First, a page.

Jun 7, 2019

Battery startup lands its first customer

Ina Fried, author of Login

Amionx, which is trying to build safer batteries, has landed its first customer.

Why it matters: Batteries are increasingly central to all manner of digital devices, from phones to electric cars — and yet their very nature compresses volatile components into tight spaces, creating risks of fire and explosion.

The latest: The still-small San Diego firm's first customer is a large, well-known consumer electronics maker, who they can't name. The customer plans to use the technology in multiple products.

Where it stands: They are just at the beginning of the relationship, so products with their technology aren't likely to hit until at least next year. The company is also in talks with other firms, including a luxury car maker as well as other makers of laptops, cell phones and power tools.

How it works: Amionx's technology works by adding a material to the battery that acts something like an internal fuse that can be triggered whenever a current, voltage or temperature threshold is exceeded. 

Go deeper: The battery tech Samsung wishes it had last year

Go deeper

Updated 12 mins ago - Politics & Policy

Coronavirus dashboard

Illustration: Sarah Grillo/Axios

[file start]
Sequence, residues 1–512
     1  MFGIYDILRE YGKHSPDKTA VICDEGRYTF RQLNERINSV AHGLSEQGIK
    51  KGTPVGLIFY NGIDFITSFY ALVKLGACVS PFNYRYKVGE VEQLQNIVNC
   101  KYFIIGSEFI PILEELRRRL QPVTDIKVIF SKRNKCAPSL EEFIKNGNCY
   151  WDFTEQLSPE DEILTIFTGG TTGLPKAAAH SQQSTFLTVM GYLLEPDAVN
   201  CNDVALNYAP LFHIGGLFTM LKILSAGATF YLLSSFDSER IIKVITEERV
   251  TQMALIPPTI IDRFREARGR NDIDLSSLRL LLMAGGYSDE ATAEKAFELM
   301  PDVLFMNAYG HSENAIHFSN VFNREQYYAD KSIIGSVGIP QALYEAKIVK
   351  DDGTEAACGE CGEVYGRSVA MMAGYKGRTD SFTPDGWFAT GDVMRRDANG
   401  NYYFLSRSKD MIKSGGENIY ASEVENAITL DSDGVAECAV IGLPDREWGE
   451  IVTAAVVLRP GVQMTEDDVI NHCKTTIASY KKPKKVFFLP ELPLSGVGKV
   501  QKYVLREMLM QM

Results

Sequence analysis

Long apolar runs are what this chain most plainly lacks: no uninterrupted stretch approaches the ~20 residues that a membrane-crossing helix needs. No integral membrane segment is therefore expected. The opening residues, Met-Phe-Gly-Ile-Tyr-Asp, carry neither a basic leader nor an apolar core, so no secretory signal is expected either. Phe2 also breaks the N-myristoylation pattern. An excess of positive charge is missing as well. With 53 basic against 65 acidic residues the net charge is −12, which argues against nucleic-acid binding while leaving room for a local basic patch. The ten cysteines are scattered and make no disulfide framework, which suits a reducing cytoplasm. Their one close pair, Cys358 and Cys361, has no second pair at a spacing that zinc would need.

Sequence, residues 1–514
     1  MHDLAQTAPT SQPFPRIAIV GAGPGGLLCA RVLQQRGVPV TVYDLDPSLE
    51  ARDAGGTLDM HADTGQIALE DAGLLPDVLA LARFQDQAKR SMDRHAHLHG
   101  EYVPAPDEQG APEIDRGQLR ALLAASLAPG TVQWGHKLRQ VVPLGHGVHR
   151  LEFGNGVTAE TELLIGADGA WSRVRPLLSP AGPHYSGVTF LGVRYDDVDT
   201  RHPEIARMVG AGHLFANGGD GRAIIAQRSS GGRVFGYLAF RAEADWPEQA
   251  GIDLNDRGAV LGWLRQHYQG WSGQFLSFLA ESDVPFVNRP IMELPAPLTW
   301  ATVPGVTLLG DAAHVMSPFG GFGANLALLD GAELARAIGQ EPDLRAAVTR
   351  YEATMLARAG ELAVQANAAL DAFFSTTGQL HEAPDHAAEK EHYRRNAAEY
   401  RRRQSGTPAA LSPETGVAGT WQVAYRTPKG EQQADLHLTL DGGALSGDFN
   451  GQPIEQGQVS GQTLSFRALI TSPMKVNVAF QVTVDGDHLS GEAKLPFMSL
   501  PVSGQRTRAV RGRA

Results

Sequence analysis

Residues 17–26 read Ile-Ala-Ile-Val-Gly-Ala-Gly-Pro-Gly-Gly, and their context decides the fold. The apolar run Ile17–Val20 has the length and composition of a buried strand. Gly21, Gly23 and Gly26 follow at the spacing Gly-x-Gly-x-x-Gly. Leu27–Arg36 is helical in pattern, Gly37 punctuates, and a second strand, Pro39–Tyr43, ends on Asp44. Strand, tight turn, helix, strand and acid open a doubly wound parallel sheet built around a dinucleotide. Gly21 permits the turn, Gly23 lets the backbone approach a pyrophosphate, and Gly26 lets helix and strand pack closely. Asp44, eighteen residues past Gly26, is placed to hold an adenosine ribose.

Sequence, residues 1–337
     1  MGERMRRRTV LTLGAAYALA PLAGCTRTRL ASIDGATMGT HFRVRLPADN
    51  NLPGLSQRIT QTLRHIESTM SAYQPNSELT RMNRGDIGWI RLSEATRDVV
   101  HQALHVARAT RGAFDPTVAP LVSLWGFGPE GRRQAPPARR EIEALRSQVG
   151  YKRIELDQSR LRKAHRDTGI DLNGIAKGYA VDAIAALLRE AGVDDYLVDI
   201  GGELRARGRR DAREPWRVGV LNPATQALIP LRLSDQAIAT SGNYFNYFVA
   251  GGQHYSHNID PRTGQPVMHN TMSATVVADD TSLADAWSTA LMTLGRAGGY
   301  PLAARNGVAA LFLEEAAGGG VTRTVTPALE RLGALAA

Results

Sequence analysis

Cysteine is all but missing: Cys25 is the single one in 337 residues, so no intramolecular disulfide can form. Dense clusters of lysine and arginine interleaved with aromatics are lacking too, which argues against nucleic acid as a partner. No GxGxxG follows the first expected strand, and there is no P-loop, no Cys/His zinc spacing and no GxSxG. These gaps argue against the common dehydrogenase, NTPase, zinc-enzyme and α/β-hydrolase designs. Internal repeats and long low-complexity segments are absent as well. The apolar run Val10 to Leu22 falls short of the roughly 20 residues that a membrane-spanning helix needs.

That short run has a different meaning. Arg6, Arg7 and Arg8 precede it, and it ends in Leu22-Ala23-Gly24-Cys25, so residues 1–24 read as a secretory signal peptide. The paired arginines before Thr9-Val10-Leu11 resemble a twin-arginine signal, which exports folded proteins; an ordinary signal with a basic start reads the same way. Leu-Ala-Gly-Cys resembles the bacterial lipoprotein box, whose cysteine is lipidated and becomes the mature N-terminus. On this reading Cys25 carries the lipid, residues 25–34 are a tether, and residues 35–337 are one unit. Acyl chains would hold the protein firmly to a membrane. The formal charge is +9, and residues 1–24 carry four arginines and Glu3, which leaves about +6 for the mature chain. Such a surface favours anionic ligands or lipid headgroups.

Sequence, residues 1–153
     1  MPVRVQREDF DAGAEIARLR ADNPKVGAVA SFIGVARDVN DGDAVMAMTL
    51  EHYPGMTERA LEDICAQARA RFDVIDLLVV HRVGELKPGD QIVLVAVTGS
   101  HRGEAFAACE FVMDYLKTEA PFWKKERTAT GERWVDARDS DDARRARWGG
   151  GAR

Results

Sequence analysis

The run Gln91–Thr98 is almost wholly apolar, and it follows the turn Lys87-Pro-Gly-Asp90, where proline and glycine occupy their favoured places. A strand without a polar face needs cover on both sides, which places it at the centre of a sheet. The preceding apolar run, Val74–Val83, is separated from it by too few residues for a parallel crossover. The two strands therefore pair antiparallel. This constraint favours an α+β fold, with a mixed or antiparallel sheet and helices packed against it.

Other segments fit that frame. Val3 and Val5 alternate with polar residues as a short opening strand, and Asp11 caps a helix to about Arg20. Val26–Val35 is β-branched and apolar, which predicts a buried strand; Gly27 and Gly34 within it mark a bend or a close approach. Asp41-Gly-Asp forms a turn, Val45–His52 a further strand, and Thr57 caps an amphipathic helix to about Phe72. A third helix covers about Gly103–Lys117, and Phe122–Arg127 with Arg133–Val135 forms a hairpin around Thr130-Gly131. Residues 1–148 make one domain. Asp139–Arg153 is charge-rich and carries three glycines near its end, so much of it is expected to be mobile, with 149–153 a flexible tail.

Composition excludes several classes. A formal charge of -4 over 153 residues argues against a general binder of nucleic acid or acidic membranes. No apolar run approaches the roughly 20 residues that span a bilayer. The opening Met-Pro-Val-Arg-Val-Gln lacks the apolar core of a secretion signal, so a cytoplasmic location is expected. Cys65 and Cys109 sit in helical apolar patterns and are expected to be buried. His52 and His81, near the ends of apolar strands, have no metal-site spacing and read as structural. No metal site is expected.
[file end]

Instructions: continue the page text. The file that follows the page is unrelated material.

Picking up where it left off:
1. Global: Total confirmed cases as of 8 a.m. ET: 6,294,222 — Total deaths: 376,077 — Total recoveries — 2,711,241Map.
  2. U.S.: Total confirmed cases as of 8 a.m. ET: 1,811,277 — Total deaths: 105,147 — Total recoveries: 458,231 — Total tested: 17,340,682Map.
  3. Public health: Nearly 26,000 coronavirus deaths in nursing homes have been reported to federal health officials —Coronavirus looms over George Floyd protests across the country.
  4. Federal government: Trump lashes out at governors, calls for National Guard to "dominate" streets.
  5. World: Former FDA commissioner says "this is not the time" to cut ties with WHO.
  6. 🎧 Podcast: The virus didn't go away.

More than 1 in 6 black workers lost jobs between February and April

Adapted from EPI analysis of Bureau of Labor Statistics data; Chart: Andrew Witherspoon/Axios

As is often the case, the staggering job losses in the coronavirus-driven recession have been worse for black workers.

By the numbers: According to a report from the Economic Policy Institute, titled "Racism and economic inequality have predisposed black workers to be most hurt by coronavirus pandemic," more than 1 in 6 black workers lost their jobs between February and April.

Coronavirus could lower GDP by $15.7 trillion

Reproduced from Congressional Budget Office; Chart: Axios Visuals

The CBO released projections on Monday for U.S. nominal GDP to be lower by $15.7 trillion over the next decade than its estimate in January as a result of the coronavirus pandemic.

What they're saying: It predicts that when adjusted for inflation GDP will be $7.9 trillion lower over the next decade and down by $790 billion in the second quarter of this year — a 37.7% quarterly contraction.